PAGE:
Plastic Bottles

Empty plastic bottles sit on pallets at the Swire Coke bottling plant in West Valley City, Utah, earlier this year. Coke is counting on chemical recycling to meet its promise of using at least 50% recycled content in its packaging by 2030. PHOTO: GEORGE FREY/BLOOMBERG NEWS Source: The Wall Street Journal

Big makers and users of plastic packaging are betting on a recycling technology that has failed for decades to take off, as a public backlash and new rules push them to find ways to cut waste and greenhouse-gas emissions tied to plastic.

Plastic makers like BP PLC and Dow Inc., and packaging users like Coca-Cola Co., Danone SA and Unilever PLC, are testing or investing tens of millions of dollars in the technology, called chemical recycling. The process uses chemicals or heat to break down plastic so it can be turned into clean, new plastic again and again while preserving quality—a Holy Grail for the industry.

That is a big improvement on existing, mechanical recycling—in which plastic is shredded, washed and melted—where quality diminishes over time. Material processed this way can only be recycled a few times, mostly into lower-quality products, before eventually going to landfills or incinerators.

“We see chemical recycling as a game changer,” BP Chief Executive Robert Dudley told investors earlier this year. The energy giant, which makes a key ingredient of plastic, plans to open a $25 million pilot plant in Illinois next year to demonstrate its technology.

Chemical recycling has been around since the 1950s, but high costs and a lack of demand made it financially unviable. Companies are turning to it now, partly because of the need to find more recycled material to meet or forestall regulations aiming to cut emissions and waste. Beverage companies are especially under pressure, following a European Union directive for plastic bottles to use 30% recycled plastic starting in 2030. The U.K. plans to start taxing plastic packaging containing less than 30% recycled content in 2022.

Various recycling technologies are competing for investment, but all face hurdles. Some can only handle PET, the plastic ubiquitous in water and soda bottles. The environmental impacts of many technologies are still unclear, while getting a steady supply of material to recycle presents a big challenge.

Investors say chemical recycling could improve overall recycling rates because it can handle plastic that traditional methods can’t, like black food trays, colored shampoo bottles, sticky ketchup bottles and polyester clothing and carpets. Only 9% of plastic waste produced so far has been recycled, according to a 2017 study from the journal Science Advances. Much of this is due to poor collection and sorting, but partly it is because mechanical recycling hasn’t kept up with new varieties of plastic packaging.

“There hadn’t been the public-policy push and pressure to increase recycling rates, not like what there is today,” said Tim Boven, who works on increasing recycled content in Dow’s plastic packaging. “The situation isn’t terribly different to the journey we have been on with renewable energy.” Dow has a supply agreement with Fuenix Ecogy Group, a Dutch startup that uses heat to crack the polymers in plastic.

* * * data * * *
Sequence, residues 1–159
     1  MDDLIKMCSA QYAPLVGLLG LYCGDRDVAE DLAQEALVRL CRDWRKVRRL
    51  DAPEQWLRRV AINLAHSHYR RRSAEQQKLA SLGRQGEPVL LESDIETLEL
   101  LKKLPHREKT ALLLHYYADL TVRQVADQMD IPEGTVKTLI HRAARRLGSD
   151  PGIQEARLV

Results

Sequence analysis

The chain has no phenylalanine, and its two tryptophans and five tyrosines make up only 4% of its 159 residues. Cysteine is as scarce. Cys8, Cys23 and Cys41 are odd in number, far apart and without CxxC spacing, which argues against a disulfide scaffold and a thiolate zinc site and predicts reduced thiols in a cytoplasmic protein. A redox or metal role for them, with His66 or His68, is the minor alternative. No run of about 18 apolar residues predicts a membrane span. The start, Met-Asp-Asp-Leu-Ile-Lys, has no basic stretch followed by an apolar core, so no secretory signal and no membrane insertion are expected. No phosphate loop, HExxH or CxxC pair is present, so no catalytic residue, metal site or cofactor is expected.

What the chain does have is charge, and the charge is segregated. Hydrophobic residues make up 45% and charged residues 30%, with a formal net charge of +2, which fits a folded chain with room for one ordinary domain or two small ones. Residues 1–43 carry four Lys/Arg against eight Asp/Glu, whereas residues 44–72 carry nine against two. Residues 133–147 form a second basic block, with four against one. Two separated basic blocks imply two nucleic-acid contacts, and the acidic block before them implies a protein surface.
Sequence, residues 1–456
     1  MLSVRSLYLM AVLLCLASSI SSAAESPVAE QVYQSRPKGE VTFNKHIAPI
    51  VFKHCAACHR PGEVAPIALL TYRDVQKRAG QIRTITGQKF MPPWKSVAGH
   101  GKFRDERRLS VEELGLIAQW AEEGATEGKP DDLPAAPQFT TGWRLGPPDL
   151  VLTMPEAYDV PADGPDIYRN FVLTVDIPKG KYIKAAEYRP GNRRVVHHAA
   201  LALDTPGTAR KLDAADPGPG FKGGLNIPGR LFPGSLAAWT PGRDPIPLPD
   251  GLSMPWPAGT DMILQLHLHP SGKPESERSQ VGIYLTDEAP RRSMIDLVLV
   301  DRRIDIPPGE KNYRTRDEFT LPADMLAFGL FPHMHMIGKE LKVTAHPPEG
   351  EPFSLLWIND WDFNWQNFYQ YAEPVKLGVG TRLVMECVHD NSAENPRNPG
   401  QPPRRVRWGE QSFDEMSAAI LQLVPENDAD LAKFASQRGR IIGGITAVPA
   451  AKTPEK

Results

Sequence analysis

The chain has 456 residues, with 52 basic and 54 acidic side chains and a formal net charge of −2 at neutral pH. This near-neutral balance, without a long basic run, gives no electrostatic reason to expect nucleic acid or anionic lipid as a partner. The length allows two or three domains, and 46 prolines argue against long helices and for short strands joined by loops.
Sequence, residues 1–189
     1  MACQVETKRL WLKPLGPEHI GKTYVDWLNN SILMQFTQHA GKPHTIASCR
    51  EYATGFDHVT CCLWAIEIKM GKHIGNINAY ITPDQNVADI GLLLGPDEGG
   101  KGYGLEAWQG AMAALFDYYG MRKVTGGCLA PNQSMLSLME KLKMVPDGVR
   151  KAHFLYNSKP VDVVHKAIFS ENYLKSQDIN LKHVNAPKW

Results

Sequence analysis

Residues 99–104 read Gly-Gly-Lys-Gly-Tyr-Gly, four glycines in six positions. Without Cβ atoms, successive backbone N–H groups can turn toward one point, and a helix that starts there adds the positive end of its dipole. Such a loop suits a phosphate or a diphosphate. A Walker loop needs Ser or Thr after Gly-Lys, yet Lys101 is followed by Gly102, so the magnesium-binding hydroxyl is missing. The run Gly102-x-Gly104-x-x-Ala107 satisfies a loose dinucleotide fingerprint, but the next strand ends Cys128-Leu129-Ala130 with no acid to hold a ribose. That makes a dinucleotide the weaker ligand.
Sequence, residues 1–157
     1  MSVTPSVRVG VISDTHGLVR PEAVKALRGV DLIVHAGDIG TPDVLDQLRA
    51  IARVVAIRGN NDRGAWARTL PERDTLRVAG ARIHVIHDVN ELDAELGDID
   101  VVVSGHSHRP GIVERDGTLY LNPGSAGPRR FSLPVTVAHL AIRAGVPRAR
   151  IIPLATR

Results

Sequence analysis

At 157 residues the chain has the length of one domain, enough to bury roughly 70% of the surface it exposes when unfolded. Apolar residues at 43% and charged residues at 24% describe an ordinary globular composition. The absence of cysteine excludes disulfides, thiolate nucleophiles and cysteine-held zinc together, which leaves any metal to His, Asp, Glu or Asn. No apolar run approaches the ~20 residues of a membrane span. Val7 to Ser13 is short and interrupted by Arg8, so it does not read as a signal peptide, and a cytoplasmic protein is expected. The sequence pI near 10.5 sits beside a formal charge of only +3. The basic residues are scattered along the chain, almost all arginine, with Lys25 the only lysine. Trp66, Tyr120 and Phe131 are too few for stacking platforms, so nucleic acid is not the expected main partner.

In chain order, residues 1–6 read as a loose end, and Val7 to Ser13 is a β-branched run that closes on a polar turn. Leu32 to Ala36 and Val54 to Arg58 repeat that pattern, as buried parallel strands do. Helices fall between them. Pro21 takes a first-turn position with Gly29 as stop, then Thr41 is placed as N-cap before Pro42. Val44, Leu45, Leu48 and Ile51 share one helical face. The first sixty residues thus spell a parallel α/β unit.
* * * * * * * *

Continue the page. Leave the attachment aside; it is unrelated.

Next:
Coca-Cola is also counting on chemical recycling to meet its promise of using at least 50% recycled content in its packaging by 2030, up from 30% today. “We need it 100% to work,” said Scott Pearson, the beverage giant’s head of R&D engineering. “Mechanical recycling isn’t going to get us there by itself.”

Coca-Cola is advising Swiss startup gr3n, which uses microwave radiation to speed up the process of breaking down PET. It has also invested in Ioniqa Technologies, which submerges PET in a solution to dissolve the molecular structure. Unilever has also funded Ioniqa—which opened a plant this summer—and tested its plastic in Hellmann’s mayonnaise bottles.

Evian-maker Danone SA and PepsiCo Inc. have supply deals with Loop Industries Inc., a Canadian startup whose technology reverse-engineers PET plastic to its original building blocks.

“At the moment we are concerned because we are all behind the curve on this issue, so we need to catch up,” said Roberto Vanin, R&D chief at Suntory Beverage and Food Europe. The Orangina owner is helping fund Carbios, a French company that uses enzymes to break down plastic. Nestlé SA, PepsiCo and L’Oréal SA are also involved.

Some chemical recycling technologies are geared toward tackling the plastic ubiquitous in products like microwave-meal containers, bubble wrap and laundry-detergent bottles, or dealing with films and mixed plastics.

The tougher bonds in such plastic require temperatures as high as 1,832 degrees Fahrenheit in the absence of oxygen to break down. That yields an oil that can be turned into new plastic. Unilever recently launched a line of Magnum ice cream sold in tubs made from low-quality, mixed plastic recycled using such technology.

However, heat-driven processes are highly energy-intensive, according to recycling-industry consultant Axion Ltd., which adds that the overall impact of chemical recycling on the environment isn’t yet well-defined.

And not everyone thinks chemical recycling will take off.

“Every three to five years I hear the chemical recycling of plastics is now available but nobody is operating a commercially viable, scaled facility,” said Richard Kirkman, chief technology and innovation officer for the U.K. arm of Veolia Environment SA . The waste-management company has been investing in improving collection and sorting for its existing recycling facilities. “It’s a potential answer whereas mechanical recycling is an actual answer.”

Source: The Wall Street Journal, December 8,2019 | Saabira Chaudhuri